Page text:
Leadership of the Senate Homeland Security and Governmental Affairs Committee has introduced a package bill in the Senate that would update both the Federal Information Security Management Act (FISMA), which sets cybersecurity requirements for Federal agencies, and codify the Federal Risk and Authorization Management Program (FedRAMP) that certifies cloud services as secure to use for Federal government agencies.

The Senate legislative package – dubbed the Strengthening American Cybersecurity Act of 2022 – was offered by Sens. Gary Peters, D-Mich., chairman of the committee, and Sen. Rob Portman, R-Ohio, the committee’s ranking member.

In addition to wrapping in the Senate’s version of legislation to update FISMA and codify FedRAMP – which both appear to enjoy broad bipartisan support in the Senate and track reasonably well with ongoing House legislative efforts on both issues – the new Senate legislative package takes another run at requiring timely cyber incident reporting from private sector critical infrastructure providers.

Legislative efforts to require mandatory cyber incident reporting last year ran into stiff industry opposition, and an attempt to attach an incident reporting measure in December 2021 to the FY 2022 National Defense Authorization Act (NDAA) was not successful.

Sen. Peters Discusses Bill

Sen. Peters talked about the legislative package at a committee hearing this morning to examine the Federal government’s actions to deal with the Apache Log4j software library vulnerability that emerged in December 2021, and said he hoped the package would move forward in the full Senate “very soon.”

Speaking of the Log4J response, Sen. Peters said he was “grateful to the administration for their quick action, and transparency with Congress.”  But he said he remained “concerned that we may never know the full scope and impacts of this vulnerability or the risk posed to our networks that the American people rely on each and every day.”

“That is why I’ll continue to monitor and track this latest cybersecurity threat, and work with my colleagues to help ensure the government is receiving timely information about cybersecurity threats, so that we can formulate a comprehensive strategy to fight back against hackers and hold foreign adversaries accountable for targeting our networks,” Sen. Peters said.

“That includes urging the Senate to pass landmark legislation that ranking member Portman and I authored and passed out of this committee to require critical infrastructure companies and civilian Federal agencies to report to the Cybersecurity and Infrastructure Security Agency when they are hit by a substantial cyber attack,” he said.

“Our efforts will also ensure that critical infrastructure owners and operators are reporting ransomware payments,” Sen. Peters continued. “Our government’s top cybersecurity experts would analyze this information and use it to help private sector organizations that provide essential services to the American people protect their networks.”

“This legislation will help our lead cybersecurity agency better understand the scope of attacks including vulnerabilities like log4j, to warn others of the threat prepare for potential impacts, and help affected entities respond and recover,” he said. “And by modernizing the government’s cybersecurity posture, by passing FISMA reforms, we can help prevent online assaults against Federal agencies from foreign and domestic actors who seek to degrade our national and economic security.”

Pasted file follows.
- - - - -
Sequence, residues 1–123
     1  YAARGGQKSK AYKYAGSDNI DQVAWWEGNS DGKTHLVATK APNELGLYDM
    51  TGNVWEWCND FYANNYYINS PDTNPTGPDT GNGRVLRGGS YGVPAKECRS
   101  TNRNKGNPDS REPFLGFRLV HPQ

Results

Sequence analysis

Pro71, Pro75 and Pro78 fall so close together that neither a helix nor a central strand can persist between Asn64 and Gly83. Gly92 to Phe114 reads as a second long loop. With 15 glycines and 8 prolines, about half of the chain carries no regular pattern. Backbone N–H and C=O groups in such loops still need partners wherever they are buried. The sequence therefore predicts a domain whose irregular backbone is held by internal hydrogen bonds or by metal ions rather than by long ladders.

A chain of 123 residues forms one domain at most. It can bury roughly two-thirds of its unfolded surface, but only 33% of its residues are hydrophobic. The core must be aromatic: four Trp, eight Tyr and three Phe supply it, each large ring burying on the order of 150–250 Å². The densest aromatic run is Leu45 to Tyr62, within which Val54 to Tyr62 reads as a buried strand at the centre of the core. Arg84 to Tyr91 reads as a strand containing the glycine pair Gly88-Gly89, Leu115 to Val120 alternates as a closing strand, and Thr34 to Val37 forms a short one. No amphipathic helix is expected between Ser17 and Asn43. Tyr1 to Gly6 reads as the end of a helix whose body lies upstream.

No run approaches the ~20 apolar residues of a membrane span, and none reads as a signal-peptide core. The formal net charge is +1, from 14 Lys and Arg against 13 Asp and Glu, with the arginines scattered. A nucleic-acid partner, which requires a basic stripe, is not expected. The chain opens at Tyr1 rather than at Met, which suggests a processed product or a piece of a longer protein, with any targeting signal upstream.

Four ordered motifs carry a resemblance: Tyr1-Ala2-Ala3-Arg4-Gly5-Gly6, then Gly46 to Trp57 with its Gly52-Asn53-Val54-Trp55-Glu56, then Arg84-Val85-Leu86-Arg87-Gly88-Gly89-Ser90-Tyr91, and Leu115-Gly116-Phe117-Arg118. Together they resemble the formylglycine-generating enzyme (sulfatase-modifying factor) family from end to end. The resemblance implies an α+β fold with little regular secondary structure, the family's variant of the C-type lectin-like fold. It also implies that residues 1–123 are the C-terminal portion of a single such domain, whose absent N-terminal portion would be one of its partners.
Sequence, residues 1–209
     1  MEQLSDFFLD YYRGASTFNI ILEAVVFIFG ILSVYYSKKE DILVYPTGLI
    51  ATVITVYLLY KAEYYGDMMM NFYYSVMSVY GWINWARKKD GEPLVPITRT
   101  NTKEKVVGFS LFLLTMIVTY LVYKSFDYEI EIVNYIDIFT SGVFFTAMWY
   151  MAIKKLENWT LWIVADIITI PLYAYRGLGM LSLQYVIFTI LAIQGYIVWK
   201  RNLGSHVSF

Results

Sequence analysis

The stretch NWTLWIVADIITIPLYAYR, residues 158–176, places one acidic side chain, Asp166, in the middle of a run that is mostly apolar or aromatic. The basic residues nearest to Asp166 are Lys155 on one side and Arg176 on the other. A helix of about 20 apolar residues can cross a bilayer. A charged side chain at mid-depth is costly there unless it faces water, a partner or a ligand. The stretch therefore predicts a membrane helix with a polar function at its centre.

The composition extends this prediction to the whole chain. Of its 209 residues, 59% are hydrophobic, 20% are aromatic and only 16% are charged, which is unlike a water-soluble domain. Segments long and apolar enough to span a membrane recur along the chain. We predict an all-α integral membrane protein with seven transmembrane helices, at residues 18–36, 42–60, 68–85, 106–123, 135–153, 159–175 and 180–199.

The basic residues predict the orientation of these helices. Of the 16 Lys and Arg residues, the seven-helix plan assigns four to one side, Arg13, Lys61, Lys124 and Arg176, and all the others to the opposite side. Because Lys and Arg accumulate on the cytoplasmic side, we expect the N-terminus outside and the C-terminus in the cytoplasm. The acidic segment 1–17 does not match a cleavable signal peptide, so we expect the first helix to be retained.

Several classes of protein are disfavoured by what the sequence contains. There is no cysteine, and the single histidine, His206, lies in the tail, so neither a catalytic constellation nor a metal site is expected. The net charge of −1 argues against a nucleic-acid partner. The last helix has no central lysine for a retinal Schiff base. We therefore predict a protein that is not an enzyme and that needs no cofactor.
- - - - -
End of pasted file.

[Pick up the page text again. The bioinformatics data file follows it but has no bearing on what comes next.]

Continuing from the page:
FedRAMP Reform

FedRAMP reform legislation has long been popular in the House, and in particular with House Government Operations Subcommittee Chairman Gerry Connolly, D-Va., sponsor of the FedRAMP Authorization Act approved by the House in January 2021.

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“After more than five years of work, and repeated action in the House, we are finally on the cusp on enacting FedRAMP reform,” the congressman said in a statement today following introduction of the Senate legislative package.

“This bipartisan and bicameral cyber package will bring us another step closer to reforming, streamlining, and codifying this critical cybersecurity regime for Federal cloud technologies,” Rep. Connolly said.

The FedRAMP bill approved by the House in 2021 would codify the program, and provide $20 million of annual funding for the program to boost the number of secure cloud technologies authorized for Federal government use.

Rep. Connolly explained last July that his bill would make improvements to the program, and give it the flexibility “to grow and adapt to myriad future changes in cloud technologies.”

“This bill is essential and will demonstrate a universal commitment to FedRAMP and the accelerated adoption of secure cloud computing technologies – a vital component of the broader Federal IT modernization effort,” he said while explaining that the legislation would reduce duplication of security assessments and avoid unnecessary costs by establishing a “presumption of adequacy for cloud technologies that have already received FedRAMP certification.”

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John Curran
John Curran
John Curran is MeriTalk's Managing Editor covering the intersection of government and technology.